Corporate Banner
Satellite Banner
Technology
Networks
Scientific Communities
 
Become a Member | Sign in
Home>News>This Article
  News
Return

CeMM and Haplogen Make Available the World’s Largest Collection of Human Cell Lines

Published: Monday, September 02, 2013
Last Updated: Monday, September 02, 2013
Bookmark and Share
Haplogen and CeMM partnership will distribute requested cell lines to the research community.

Haplogen and CeMM have announced that they are making available their large collection of human cell lines that are deficient for single genes, which they have been building over the past three years as part of a public-private partnership.

The partnership, through Haplogen, will distribute requested cell lines to the research community. The collection and the technological advances that enabled its development were published in Nature Methods on August 25.

It currently includes cell line clones covering 3,000 different human genes, which represents about one third of all the genes that are active in these cells. The collection will continue to expand until all the genes have been targeted.

Although cell lines of human origin have been around for many years, they are all vastly different from each other, making them very difficult to control when performing genetic experiments, thereby limiting their use particularly for drug discovery efforts and discovering the function of genes.

This new collection circumvents this problem by providing individual gene mutations in an otherwise identical genetic background.

Prof. Giulio Superti-Furga, Director of the CeMM who initiated this project commented: “This collection will fuel research in molecular medicine where the vast majority of human genes remain poorly understood and await functional characterization. Obtaining human cells where an individual gene is inactivated has so far been difficult and very tedious. With this largest human cell line collection available to date we expect to drive countless scientific discoveries in the research community.”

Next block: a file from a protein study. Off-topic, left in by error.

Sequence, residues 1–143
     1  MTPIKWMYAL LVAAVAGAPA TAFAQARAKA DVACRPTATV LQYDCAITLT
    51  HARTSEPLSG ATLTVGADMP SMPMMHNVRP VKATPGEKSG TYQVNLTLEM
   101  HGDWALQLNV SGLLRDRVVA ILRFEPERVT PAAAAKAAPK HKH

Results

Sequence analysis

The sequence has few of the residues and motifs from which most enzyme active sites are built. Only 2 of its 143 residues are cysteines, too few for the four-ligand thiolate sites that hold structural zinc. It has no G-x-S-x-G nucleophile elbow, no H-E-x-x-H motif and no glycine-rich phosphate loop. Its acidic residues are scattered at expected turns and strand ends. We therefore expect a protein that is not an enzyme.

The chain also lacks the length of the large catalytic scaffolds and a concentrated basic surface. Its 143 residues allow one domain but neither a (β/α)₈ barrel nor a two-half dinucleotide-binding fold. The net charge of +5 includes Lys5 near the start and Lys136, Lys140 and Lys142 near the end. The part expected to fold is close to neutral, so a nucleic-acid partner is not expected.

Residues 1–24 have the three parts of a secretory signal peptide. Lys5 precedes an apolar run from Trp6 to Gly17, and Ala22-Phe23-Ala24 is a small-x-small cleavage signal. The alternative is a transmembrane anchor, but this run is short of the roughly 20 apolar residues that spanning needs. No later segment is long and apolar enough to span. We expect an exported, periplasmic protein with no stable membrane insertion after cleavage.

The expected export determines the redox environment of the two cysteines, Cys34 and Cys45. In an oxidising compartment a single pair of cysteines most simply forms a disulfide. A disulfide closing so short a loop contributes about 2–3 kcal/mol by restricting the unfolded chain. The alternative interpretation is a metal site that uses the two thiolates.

“The creation of those precise mutants has become possible by the use of a haploid cell line. Destroying a single gene in haploid cells will immediately cause a detectable change - in contrast to our natural cells that always bear two copies of each gene” explains Thijn Brummelkamp, the inventor of the haploid genetics technology in human cells that was used to create this collection, and founder of Haplogen.

Georg Casari, CEO of Haplogen: “In this publication we show that these cell lines really behave as if only the gene of choice is no longer present. We have taken great care to document that the gene products are gone and that those clones have new properties as compared to the parental, unmodified cell line. We are excited to provide and distribute this resource to researchers world-wide and contribute to the advancement of medical research. Our goal is to eventually obtain mutant cell lines for every human gene.”

He continued: "At Haplogen we use this collection as an indispensable component in our research and development of antiviral medications for treating a wide range of harmful infectious diseases. This partnership of academic research at CeMM and private investment by the company has made it possible to finance this collection and build a resource to the benefit beyond the two institutions for scientists all over the world.”